Learning via Inductive Logic Reasoning

Traditional machine learning techniques, which rely on learning the statistical dependency, often require large number of training data and they tend to overfit. They also generalize poorly for the unseen data if they are trained over small size training samples. Inductive Logic Programming (ILP), on the other hand, is a set of techniques to formulate and solve machine learning problems using (first order) logic algebra. Logic programming, as a subset of first-order logic, is mostly concerned with deductive inference. Instead, ILP is concerned with inductive inferences. In ILP, background knowledge, positive and negative training examples and the hypothesis can be uniformly expressed using the relational predicate logic. ILP techniques do not require large training examples and can generalize well. However, current ILP solvers suffer from their limited ability to learn recursion and to create new predicates as needed. In 2018, our team was able to develop neural networks that can learn Boolean relations among input variables. What distinguish these neural logic networks is its ability to represent the learned knowledge in an explicit form that is human readable. Later in 2018, using these Boolean networks, we could transform any ILP task into a differentiable problem and solve it using gradient optimizers. Our resulting ILP solver has desirable features such as recursion and predicate invention and thus can tackle several learning tasks that were previously unsuccessful with ILP techniques. The hypothesis or policy rules learned by the resulting ILP framework is human interpretable, and hence can be read, and verified by the expert observer. Moreover, since the language for the representation is chosen by the expert, it is possible to incorporate inductive biases into learning which can be a significant improvement in complex problems. Finally, it allows for the inclusion of human preferences and higher-level concepts and prior knowledge as the background knowledge into policy learning. As such our ILP is uniquely positioned for policy learning in network traffic monitoring or explainable AI in trust.

Inspired by all the above desirable characteristics of ILP, our current research objectives are to develop a new research paradigm at the intersection of differentiable ILP in graph reasoning tasks, temporal inductive reasoning, time of events prediction, defending adversarial attacks on machine learning, neuro-symbolic reinforcement learning, causality and rule based inference in network security, explainable AI for trust, classification task for large dataset, and decoding error correcting codes.

Differentiable ILP

Inductive Logic Programming (ILP) is to learn a first-order logical formula based on background knowledge, positive examples and negative examples. To develop differentiable Inductive Logic Programming (ILP), we take two approaches: 1. Forward reasoning methods based on Neural-Logic Networks, 2. Backward reasoning method based on Random Walk on graphs.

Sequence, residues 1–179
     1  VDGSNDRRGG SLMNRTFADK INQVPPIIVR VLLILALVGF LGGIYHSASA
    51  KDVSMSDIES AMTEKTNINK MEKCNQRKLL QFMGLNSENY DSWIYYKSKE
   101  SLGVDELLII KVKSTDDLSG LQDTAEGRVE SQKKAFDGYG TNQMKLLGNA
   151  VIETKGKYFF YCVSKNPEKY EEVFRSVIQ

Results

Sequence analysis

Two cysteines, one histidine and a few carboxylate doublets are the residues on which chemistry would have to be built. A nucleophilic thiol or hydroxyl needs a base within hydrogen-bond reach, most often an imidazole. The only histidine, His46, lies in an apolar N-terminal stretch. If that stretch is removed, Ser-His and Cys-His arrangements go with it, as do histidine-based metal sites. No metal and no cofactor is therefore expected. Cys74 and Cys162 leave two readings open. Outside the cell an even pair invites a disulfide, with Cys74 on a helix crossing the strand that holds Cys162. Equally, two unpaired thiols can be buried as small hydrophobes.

Differentiable ILP via Neural-Logic Networks: The ability to learn Boolean logic in an explicit and interpretable manner is at the heart of our framework. Our team designed a differentiable neural networks dedicated to learn and represent Boolean functions in an explicit and efficient way. The general idea of representing and learning Boolean functions using neural networks is not new. There is significant body of research from the early days of machine learning using neural networks that is focused on the theoretical aspects of this problem. Some special Boolean functions such as parity-N and XOR has been the subject of special interest, as benchmark tasks for theoretical analysis. In principle, as was suggested by many works, any Boolean function can be learned by a multi-layer neural network equipped with proper activation functions. However, this approach is not always applicable. As an alternative to typical additive neurons, we propose a set of differentiable and multiplicative neurons which are designed with the specific function of learning Boolean functions efficiently and in an explicit manner which can be read and verified by human. We refer to these networks as differentiable Neural Logic (dNL) networks. We have demonstrated that the explicit representational power of the proposed dNL networks allows us to transform the inductive logic programming into a differentiable problem and solve it using gradient optimizers more efficiently than the existing neural ILP solvers.